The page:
|Building destroyed in Napa. Photo by Justin Sullivan,|
Getty Images as published on www.sfgate.com here
Headlines this morning announced that a M6.0 (or 6.1, conflicting reports) earthquake at 3:20 a.m. awoke people around the area of Napa, California, north of San Francisco. Dozens of people are injured, four homes in a mobile park burned, and damage to buildings in downtown Napa appears extensive. The quake is the largest in the Bay Area since the 1989 Loma Prieta earthquake.
Here's a bit of context that I found in an on-line technical report authored by John R. Wesling and Kathryn L. Hanson, 2008 (reference at the end of this post). Here is also a link to the USGS earthquake event page.
|Map of the five sections of the fault defined by Wesling|
and Hanson (Figure 3 from the cited report)
Wesling and Hanson divided the fault into five reaches based on geomorphic expression, terrain traversed, and availability and quality of data. These branches are: St. Helena-Dry Creek; Yountville-North Napa; North Napa-Napa River; Napa River-American Canyon; and American Canyon-Carquinez Strait. The USGS is reporting that the earthquake struck 3 miles northwest of American Canyon, and placed the epicenter between 6 miles southwest of Napa, toward Vallejo (see adjacent map). According to the map above, this would place the epicenter on the Napa-River-American Canyon fault toward the northern end or, possibly, the southern end of the North Napa-Napa River branch, depending on where the reference point within Napa city is located.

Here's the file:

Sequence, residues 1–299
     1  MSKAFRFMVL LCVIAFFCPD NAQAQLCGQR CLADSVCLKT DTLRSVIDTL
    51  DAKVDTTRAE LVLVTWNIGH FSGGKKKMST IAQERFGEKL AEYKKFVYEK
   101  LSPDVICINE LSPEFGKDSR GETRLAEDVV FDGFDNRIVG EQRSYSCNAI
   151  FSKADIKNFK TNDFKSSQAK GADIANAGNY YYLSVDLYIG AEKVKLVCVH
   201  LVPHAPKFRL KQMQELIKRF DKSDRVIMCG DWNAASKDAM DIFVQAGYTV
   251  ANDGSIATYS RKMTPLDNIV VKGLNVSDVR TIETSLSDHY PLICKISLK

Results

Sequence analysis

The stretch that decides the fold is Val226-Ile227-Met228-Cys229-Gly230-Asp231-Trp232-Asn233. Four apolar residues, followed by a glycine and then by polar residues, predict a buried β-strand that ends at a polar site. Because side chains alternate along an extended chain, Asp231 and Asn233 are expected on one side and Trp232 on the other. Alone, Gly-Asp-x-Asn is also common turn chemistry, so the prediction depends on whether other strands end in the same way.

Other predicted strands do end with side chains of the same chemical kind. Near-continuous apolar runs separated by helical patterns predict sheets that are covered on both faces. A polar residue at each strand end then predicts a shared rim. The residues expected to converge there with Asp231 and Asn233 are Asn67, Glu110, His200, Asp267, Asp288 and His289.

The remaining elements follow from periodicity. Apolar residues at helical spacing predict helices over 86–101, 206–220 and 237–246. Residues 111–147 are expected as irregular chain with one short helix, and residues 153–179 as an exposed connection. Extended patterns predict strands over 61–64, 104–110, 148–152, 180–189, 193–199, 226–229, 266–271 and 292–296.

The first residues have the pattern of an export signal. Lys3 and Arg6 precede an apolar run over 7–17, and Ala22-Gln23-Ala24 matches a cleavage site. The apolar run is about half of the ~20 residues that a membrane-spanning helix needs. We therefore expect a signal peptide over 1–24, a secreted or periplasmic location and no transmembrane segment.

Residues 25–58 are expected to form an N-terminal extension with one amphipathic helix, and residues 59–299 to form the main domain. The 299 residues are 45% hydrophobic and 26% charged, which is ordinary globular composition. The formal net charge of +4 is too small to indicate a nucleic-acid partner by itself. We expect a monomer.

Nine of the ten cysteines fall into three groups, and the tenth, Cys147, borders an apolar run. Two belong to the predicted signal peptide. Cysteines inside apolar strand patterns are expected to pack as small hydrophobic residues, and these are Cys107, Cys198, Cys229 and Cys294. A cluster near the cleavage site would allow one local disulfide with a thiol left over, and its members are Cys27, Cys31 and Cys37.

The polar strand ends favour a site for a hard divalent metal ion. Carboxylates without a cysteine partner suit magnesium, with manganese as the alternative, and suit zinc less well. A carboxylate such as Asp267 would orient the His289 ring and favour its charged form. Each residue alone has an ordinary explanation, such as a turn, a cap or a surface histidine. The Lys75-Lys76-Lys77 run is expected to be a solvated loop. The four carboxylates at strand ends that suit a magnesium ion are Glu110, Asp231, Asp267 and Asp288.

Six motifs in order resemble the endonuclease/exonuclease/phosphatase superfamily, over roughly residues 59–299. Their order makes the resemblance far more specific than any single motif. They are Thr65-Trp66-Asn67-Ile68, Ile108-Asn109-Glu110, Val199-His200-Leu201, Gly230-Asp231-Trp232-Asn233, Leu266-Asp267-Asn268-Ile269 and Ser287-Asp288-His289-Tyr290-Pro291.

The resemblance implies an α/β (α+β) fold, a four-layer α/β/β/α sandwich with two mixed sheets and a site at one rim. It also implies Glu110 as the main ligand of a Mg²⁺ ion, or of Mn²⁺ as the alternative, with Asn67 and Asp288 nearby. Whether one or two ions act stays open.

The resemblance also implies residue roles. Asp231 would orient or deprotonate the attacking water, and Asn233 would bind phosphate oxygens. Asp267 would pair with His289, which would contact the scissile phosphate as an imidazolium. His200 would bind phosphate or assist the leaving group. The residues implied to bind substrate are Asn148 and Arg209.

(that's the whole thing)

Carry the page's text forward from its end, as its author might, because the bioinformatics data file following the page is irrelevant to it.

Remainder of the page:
No historical earthquakes larger than M6.0 have been associated with the West Napa fault, although the M5.0 Mount Veeder earthquake ("Yountville earthquake") in 2000 may have been linked to it. This earlier earthquake was centered about 5 km west of the West Napa fault, and caused considerable damage in Napa.
Reference: "Mapping of the West Napa Fault Zone for Input into the Northern California Quaternary Fault Database," by John R. Wesling and Kathryn L. Hanson, 2008.